Skip navigation

Daily Archives: April 10th, 2022

Thing 1 is taking botany this year for her science. She’s been wanting to try out tapping birch trees to harvest their sap for a while now. This past weekend she got her chance.

Our days are longer and warmer but our nights are still plenty cold. Perfect time to tap a birch. I bought some tree taps at the farm store last week and two new 2 gal buckets with lids. Once we got to the cabin she went out, drill and supplies in hand.

The “Slow drip” tree in the foreground.

She settled on two old trees, one next to the sauna, the other up by the smoker. Taps in place and smaller buckets hung catching the few drips that morning. As the day went on, the sauna tree seemed to be the better producer.

She went out and checked late afternoon and wow! Full bucket in the sauna tree! Holy smokes it works!

Overnight the temps fell and we froze up solid. The “slow drip” tree froze up but the sauna tree had overflowed it’s bucket!

Slow drip, froze solid.

We broke off those sapcicles and ate them. Nature’s “Otter pops”!

All in just over 24 hours she got two gallons of birch sap. Impressive for her first try!

Now begins the process of cooking down the sap for syrup. I’ll let you know how long that takes!

Sauna tree’s cup runneth over.

Time to go so she whittled some birch twigs to fit the drill holes to plug the trees. Covered that with duct tape of course. And thanked the trees for their donation to our diet.


Dwellings are a very important part of Sourdough Culture. We are fortunate to have a collection of historic cabins in this area. Kenai Kasilof, & Soldotna all have cabin parks, cabin museums and other preserved buildings.

Dean & I have done two historic cabin repairs over the years. Recently we restored a roof on a cabin in Kenai. Several years ago we replaced a rotten base log in a cabin in Soldotna’s Cabin Park. We have to be careful to keep historically accurate in our repairs.

I enjoy working on these old buildings. I’m touching wood, trees that were living in the 1800’s. It’s standing history that I get to play a tiny role in protecting. Think about all the happenings that these buildings survived. Everyday human events, epic volcanic eruptions. The biggest earthquake in Alaska’s history. Three major cultures: local first peoples the Dena ‘ina Athabascan, Russian traders and settlers, then other English speaking settlers evolving into Americans. All have left their indelible marks locally.

1896 Russian Orthodox Church,
Old Towne Kenai, Alaska.

Often you can still see the cut marks from hand hewing. And the craftsmanship is always an adventure. I love the dovetailed corners on many of these old cabins. Some have no spikes holding them together only joinery. Chinked with moss or mud, long gone over with the passing of time. Some have been restored and continue as dwellings today. Others are preserved for posterity, lest we forget where we came from.

Corner joinery detail at Veronica’s Cafe. Another historic cabin in Kenai.

In the era these old cabins were built, there were no lumberyards or metal shops around. Trees were cut and hewn for walls and roof supports but there’s nothing suitable for sheathing. So these resilient old souls hauled sod up and covered their roofs with living material. Complete with wildflowers. This shed the weather reasonably well and kept the cabins warm in the winter, cool in the summer.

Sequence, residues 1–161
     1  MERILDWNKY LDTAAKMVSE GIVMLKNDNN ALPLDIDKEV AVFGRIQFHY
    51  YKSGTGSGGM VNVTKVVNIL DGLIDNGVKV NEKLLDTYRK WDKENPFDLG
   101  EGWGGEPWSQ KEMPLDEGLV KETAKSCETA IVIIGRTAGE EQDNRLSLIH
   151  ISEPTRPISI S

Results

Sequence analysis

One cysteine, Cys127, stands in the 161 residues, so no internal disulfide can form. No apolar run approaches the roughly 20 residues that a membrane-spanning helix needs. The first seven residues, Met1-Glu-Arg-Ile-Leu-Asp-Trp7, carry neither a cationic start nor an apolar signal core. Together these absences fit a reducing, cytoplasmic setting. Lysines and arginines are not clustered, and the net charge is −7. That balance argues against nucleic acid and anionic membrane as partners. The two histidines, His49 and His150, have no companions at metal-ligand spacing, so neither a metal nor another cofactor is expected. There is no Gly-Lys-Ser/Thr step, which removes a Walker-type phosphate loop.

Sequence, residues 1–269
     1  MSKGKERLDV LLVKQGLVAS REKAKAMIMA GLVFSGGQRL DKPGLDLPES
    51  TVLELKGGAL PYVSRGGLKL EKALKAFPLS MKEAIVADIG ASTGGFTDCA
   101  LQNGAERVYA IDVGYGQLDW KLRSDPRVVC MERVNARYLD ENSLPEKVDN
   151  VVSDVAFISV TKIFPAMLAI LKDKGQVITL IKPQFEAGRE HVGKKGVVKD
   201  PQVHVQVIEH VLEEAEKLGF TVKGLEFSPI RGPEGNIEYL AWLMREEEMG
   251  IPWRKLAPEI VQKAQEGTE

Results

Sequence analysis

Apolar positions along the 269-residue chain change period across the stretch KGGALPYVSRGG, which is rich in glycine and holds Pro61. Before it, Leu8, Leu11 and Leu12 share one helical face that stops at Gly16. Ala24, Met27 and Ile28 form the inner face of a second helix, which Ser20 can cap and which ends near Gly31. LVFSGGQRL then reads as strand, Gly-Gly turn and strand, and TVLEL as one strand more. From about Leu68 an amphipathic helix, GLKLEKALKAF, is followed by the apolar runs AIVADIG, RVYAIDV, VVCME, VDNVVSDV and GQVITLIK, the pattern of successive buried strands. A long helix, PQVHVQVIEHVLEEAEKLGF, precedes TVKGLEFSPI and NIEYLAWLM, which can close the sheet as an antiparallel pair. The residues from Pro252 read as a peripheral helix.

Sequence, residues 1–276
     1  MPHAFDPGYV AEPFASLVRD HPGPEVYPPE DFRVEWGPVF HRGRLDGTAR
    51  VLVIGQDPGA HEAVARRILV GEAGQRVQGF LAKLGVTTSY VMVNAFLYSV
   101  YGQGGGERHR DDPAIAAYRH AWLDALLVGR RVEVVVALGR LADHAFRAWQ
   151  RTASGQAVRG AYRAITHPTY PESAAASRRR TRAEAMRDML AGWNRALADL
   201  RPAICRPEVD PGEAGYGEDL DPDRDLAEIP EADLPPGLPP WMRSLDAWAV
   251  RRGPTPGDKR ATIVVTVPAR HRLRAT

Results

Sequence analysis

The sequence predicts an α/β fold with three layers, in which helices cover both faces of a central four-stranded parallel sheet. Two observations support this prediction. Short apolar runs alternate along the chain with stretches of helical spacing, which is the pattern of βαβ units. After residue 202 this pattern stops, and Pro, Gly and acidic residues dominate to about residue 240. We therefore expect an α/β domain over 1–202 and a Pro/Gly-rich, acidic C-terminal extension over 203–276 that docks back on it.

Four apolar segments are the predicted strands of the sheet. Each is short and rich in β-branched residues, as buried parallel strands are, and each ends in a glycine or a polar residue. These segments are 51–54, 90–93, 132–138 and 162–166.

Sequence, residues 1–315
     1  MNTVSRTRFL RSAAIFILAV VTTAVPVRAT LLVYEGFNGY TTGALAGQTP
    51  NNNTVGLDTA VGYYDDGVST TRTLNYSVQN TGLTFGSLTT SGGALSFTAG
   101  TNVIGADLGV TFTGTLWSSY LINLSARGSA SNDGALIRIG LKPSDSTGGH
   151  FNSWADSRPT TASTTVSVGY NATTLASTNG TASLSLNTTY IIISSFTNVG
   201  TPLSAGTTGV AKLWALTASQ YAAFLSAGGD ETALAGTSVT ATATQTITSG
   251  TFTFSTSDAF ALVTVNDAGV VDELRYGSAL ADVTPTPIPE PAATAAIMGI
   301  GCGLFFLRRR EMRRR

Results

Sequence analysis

1898 cabin with similar corner dovetails.

Another standout detail of these old homes was the overall height. These buildings were shorter than typical modern buildings. Doors between 4-5 feet tall, walls under 8′, often 6′ or shorter. Materials to build were hard to come by, it took brute strength and a lot of elbow grease to build. So making shorter buildings helped conserve energy. Mostly these smaller structures were easier to keep warm. After all, you really only needed a space for your meager belongings, a bed to sleep in, some place for your dogs and stay out of the severe cold.

Homestead shed, used to have a sod roof. Just about to become the latest victim of bluff erosion.
The cabin we repaired, looking good as new, err, I mean good as old.
History of this little cabin.

Hand hewn cabins are one of my greatest loves in architecture. Our modern day construction technology may be different but the same love and care goes into each log I prep for a cabin I’m building.

An old homestead cabin near Nikiski. Complete with sleeping loft and a king crab carapace.

I thought I’d give an update since my 30 day challenge. Today it’s officially been three months since I kicked the sugar habit

I’ve continued avoiding sugars. Following a lazy keto style diet with reduced/low carbs most days. I haven’t missed the sugar and have been happy with the keto friendly alternatives. I have enjoyed some blackberries, raspberries and a few strawberries with keto yogurt when I needed a little dessert.

My daily beverages have been coffee with a protein powder, water, unsweetened tea & seltzers. I’ve had three adult beverages over the course of the past two months. Once for Dean’s birthday pizza dinner, I had a gf IPA. Then two weekends back I had an Alaskan Hard Seltzer in their new mango flavor, pretty tasty. And of course a glass of rhubarb wine in honor of Dad, of blessed memory. Can’t skip that. 🍷

I feel pretty good, definitely have more energy. I can tell a marked increase in hunger when I’m eating a lot of carbs. That knowledge makes it much easier for me to keep the carb count lower. And mixing up tasty NA drinks helps keep the beverage doldrums away.

I’m going to continue on for as long as I can. And I’m looking forward to the snow melt and summer activities to come!